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A way forward for immigration reform

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Take the case of Lucy Sanchez. (All clients’ names have been changed.)  Lucy was brought to the United States from Ecuador illegally as a six-year-old by her parents. The Sanchez were part of the wave of foreign workers who came to the US during the economic boom of the nineties and ended up staying and working here illegally.

Lucy excelled at the local public high school, scored astronomic numbers on the SATs, and at seventeen, was accepted with a full scholarship at one of the country’s top universities. Ostensibly, Lucy is a normal and very bright American high school student. She has no memory of her native Ecuador and was on the threshold of a great future. However, there is a problem. Lucy is an illegal alien. This came as much of a shock to her as it did to the university’s admission office.  Like many illegal aliens, Lucy’s parents never explained to their daughter their precarious status in this country. Over the years, they had hoped against hope for some kind of solution or path to becoming American citizens.


 


Lucy could not take up her scholarship and was working a minimum wage job at a fast food restaurant, experiencing severe depression.  In a few years, she could have been your or my cardiologist, or a famous scientist. There was nothing that I, as an Immigration lawyer, could do for Lucy, when I was consulted by her parents. The law simply does not provide any relief for her.

Lucy’s parents worked two jobs: her father in a factory and driving a cab at night, her mother as a nurse’s aid and cleaning offices at night.  Although Lucy’s parents have held jobs that are essential to the local economy for more than eleven years, the present immigration system does not provide them and their children with any option for becoming legal. One of Lucy’s teachers was even willing to adopt Lucy if that would allow her to become an American citizen and take up her scholarship. Unfortunately, that was not an option. Even being adopted by an American citizen would not have made her an American citizen. (Only if the adopted child is under sixteen and adopted directly from a foreign country, will the child be able to claim American citizenship.)

Lucy, along with millions of other children of illegal aliens, are innocent victims. Many were brought to this country by their parents as young children, some even as infants. Most are assimilated and do not remember their native country and in some cases even the language. Approximately 65,000 students who graduated from US high schools this year are illegal aliens (according to Dream Act Portal, www.dreamact.info).

The DREAM Act, originally introduced in the US Senate in 2001 by Senator Richard Durbin (D-IL) and reintroduced by Senator Durbin and Senator Richard Lugar (R-IN) in 2009, would provide legal status for many of the children who are here illegally through no fault of their own. Children who entered the US before the age of 16 (and have lived here for at least five years) would be given a conditional residence status that could eventually lead to US citizenship. All previous versions of this bill have so far died in Congress. And on September 21, 2010, the DREAM Act, tacked onto a military spending bill, was again blocked by Republicans who argued that the bill had no relation to defense. (Senator Durbin immediately reintroduced the DREAM Act as a stand alone bill the following day.) Republicans seem bent on making sure that no immigration legislation is passed. But now is the time to stop the political games and pass the DREAM Act as part of a complete overhaul.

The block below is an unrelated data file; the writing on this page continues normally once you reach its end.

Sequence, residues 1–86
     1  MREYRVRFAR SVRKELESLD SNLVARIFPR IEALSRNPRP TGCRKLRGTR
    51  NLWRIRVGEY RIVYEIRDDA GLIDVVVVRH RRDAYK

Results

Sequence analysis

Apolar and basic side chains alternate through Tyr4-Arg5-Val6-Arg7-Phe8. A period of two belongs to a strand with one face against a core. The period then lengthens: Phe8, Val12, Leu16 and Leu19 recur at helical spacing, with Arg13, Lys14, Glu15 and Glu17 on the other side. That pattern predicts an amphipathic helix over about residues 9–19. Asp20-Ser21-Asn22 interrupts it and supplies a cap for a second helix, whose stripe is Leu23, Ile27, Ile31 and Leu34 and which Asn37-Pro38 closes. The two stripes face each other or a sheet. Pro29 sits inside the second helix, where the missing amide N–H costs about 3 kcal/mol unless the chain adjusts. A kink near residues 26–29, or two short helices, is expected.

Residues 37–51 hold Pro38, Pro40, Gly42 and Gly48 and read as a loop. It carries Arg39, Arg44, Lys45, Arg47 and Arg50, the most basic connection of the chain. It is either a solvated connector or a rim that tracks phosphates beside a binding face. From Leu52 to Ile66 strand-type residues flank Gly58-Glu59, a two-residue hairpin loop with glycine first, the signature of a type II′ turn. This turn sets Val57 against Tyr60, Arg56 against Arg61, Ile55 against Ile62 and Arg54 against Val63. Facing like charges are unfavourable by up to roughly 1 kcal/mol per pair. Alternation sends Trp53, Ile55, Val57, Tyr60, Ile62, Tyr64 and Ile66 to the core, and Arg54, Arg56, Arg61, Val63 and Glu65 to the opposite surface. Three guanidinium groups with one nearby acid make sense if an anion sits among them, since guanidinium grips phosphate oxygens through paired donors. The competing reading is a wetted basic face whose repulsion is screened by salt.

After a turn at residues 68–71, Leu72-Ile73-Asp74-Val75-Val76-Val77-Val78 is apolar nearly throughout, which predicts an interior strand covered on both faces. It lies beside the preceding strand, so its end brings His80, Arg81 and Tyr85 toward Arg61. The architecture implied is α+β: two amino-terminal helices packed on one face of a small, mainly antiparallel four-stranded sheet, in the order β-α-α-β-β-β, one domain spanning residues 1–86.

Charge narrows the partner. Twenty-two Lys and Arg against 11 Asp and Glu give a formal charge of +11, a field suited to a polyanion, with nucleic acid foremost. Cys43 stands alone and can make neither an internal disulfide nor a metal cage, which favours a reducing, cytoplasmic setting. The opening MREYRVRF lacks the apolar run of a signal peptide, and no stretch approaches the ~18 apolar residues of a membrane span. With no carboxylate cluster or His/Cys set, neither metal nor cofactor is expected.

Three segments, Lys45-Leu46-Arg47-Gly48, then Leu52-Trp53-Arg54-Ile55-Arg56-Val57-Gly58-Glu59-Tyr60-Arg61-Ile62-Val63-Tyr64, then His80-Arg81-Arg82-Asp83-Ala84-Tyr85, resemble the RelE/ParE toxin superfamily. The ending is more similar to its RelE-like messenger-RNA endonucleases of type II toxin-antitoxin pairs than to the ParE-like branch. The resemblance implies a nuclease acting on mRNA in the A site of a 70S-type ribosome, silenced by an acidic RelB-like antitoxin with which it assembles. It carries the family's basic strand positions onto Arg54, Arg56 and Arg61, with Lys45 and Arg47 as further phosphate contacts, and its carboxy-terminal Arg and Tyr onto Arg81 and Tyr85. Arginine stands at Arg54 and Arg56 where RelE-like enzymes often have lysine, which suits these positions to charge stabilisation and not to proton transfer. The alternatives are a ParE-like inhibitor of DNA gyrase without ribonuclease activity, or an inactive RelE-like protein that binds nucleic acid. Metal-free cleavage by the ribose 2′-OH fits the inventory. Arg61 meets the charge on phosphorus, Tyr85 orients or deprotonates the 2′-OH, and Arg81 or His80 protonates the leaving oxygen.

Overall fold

The knee-jerk response of opposing any immigration reform bill because it might reward illegal aliens with “amnesty” (which supposedly perpetuates and attracts more illegal immigration) misses the point. We cannot pretend that 12 million people are not here, or do not exist.  Most of them, like the Sanchez, work, have families (some of whom are American citizens), and live normal lives.

Providing a path to citizenship for these millions is not only a humanitarian approach but a practical one. It will bring people out of the shadows and increase our security, and tax and social security revenue. According to Janet Napolitano, secretary of the Department of Homeland Security, which oversees immigration in the US, “in order to have fully effective law enforcement, we need Congress to create the legal foundation for bringing the millions of illegal immigrants in this country out of the shadows…. We will never have fully effective law enforcement or national security as long as so many millions remain in the shadows.” (November 13, 2009, address to the Center for American Progress).  

Unlike in previous amnesties, people will have to admit that they broke the law, pay fines and any back taxes and penalties owed. They will have to learn English and get to the back of the citizenship line.  Criminal background checks would identify those who should be deported. It would not only protect these immigrant workers from abuse by unscrupulous employers, but also protect American workers who would not have to compete with low or sub minimum wage labor. Once legal, workers can join unions.  

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